Bloom, Richard F. (1974). Validation of suggestion-induced stress.

Sixty college men, divided into three equal groups, each attended two induced stress sessions in which their physiological, psychological and performance reactions were measured. Their responses were compared to determine if valid stress reactions could be induced through suggestion in an altered state (in this case, hypnosis), and also to determine the validity of such reactions if the subject had never before experienced that stress situation. It was demonstrated that valid stress reactions can be induced in an individual with the aid of suggestions, especially if the real stress situation has been experienced before. If no previous experience with that real situation exists, the subject still exhibits stressful reactions; however, the closest resemblance to real stress is found in the subjective or psychological measures, less similarity is found in the physiological measures, and the least similarity is found in the performance measures.

Crystal, Thomas H.; Gish, Herbert; Bloom, Richard F. (1973, June). Psychophysiological factors affecting speaker authentication and identification. (See Notes field for additional reference information and information about ordering.)

Research and Development Technical Report ECOM-0161-F; AD-913 696L; Contract DAAB07-71-C-0161 with Signatron, Inc. (Lexington, MA). Distribution limited to U.S. Government agencies only; Other requests for this document must be referred to Commanding General, U.S. Army Electronics Command, ATTN: AMSEL-PP-CM-CR4, Fort Monmouth, NJ 07703. NOTES 2:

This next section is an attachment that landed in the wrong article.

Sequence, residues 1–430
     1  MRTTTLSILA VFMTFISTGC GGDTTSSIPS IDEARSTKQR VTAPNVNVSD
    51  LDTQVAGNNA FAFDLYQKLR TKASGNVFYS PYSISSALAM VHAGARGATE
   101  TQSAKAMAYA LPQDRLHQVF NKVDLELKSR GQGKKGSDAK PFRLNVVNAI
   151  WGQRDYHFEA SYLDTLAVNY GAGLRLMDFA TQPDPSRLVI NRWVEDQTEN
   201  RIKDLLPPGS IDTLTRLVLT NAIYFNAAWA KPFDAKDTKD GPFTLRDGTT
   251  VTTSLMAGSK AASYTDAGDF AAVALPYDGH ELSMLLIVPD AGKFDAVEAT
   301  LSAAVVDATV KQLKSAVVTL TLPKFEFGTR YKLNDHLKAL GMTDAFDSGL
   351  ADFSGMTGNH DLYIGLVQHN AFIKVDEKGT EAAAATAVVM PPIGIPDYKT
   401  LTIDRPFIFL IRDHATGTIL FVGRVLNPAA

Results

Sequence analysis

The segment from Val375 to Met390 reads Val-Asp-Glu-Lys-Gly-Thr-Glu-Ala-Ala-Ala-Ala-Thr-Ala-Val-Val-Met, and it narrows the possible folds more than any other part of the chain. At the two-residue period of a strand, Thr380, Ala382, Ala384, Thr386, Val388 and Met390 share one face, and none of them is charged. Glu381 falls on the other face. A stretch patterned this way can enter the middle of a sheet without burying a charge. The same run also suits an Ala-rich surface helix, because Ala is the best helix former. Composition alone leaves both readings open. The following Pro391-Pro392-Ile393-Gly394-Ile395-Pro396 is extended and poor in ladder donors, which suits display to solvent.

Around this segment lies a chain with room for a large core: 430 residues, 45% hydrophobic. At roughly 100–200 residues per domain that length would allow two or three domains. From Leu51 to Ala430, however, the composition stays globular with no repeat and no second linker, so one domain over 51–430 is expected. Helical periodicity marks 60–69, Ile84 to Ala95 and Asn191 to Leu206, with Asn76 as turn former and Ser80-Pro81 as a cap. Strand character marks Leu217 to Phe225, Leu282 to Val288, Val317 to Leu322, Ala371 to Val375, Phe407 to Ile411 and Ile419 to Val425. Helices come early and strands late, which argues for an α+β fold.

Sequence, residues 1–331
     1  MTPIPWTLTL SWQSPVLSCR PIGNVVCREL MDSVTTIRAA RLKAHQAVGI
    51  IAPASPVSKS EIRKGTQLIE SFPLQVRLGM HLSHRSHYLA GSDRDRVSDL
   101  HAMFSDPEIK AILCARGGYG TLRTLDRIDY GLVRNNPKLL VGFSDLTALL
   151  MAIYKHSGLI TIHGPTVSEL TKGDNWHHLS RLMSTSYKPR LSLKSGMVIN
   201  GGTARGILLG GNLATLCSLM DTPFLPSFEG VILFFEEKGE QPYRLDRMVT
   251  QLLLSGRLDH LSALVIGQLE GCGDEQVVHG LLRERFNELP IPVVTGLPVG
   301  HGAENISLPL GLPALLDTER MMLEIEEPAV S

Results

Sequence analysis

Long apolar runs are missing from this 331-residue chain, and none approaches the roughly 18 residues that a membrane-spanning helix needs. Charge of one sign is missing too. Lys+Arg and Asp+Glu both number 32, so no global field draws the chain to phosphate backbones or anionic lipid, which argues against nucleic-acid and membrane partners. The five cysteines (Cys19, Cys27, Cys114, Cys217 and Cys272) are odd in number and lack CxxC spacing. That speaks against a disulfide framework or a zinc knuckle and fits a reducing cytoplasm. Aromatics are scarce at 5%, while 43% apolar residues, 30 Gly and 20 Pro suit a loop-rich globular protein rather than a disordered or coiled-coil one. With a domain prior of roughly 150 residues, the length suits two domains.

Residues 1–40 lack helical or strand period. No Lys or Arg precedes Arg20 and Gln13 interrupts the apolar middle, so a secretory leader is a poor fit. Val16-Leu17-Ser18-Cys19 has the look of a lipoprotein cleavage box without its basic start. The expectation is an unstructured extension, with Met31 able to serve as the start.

This document reports on a U.S. Army research project using hypnosis to collect high fidelity samples of the voice under “combat stress” conditions in the laboratory. Using hypnotic regression, combat veterans “re-experienced” their own, actual high stress combat situations. Besides subjective reports of stress levels by subjects, physiological stress measures were obtained from polygraph recordings of heart, respiration and GSR activity. The voice samples were later analyzed by spectrographic techniques to determine which factors remain invariant to identify and authenticate the speaker in a military communications situation. Hypnotic techniques were shown to be useful in establishing controlled emotional states for laboratory research purposes. (Richard Bloom)

McAmmond, D. M.; Davidson, P. O.; Kovitz, D. M. (1971). A comparison of the effects of hypnosis and relaxation training on stress reactions in a dental situation. American Journal of Clinical Hypnosis, 13, 233-242.

Compared the effectiveness of relaxation, hypnosis, and a control condition in reducing in dental phobics the reaction to pressure-algometer stimulation and the injection of anesthesia. For subjects with high baseline skin-conductance levels, relaxation was most effective in reducing stress reactions. Hypnosis did not differ from the control condition. For subjects with a medium or low skin-conductance baseline, relaxation was not effective. The hypnosis group rated their treatment as most effective, and the controls rated their treatment as least effective. Five-month follow-up indicated that all subjects in the hypnosis group returned for dental treatment and that 5 of 10 in the control group and only 1 of the relaxation group returned for care.